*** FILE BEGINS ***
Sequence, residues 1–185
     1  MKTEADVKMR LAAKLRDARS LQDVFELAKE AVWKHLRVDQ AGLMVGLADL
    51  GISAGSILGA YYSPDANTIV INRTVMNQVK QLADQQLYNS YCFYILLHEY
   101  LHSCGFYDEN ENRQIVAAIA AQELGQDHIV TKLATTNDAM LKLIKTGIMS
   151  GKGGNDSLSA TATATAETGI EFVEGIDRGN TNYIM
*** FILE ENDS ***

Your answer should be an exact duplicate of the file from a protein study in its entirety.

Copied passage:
Sequence, residues 1–185
     1  MKTEADVKMR LAAKLRDARS LQDVFELAKE AVWKHLRVDQ AGLMVGLADL
    51  GISAGSILGA YYSPDANTIV INRTVMNQVK QLADQQLYNS YCFYILLHEY
   101  LHSCGFYDEN ENRQIVAAIA AQELGQDHIV TKLATTNDAM LKLIKTGIMS
   151  GKGGNDSLSA TATATAETGI EFVEGIDRGN TNYIM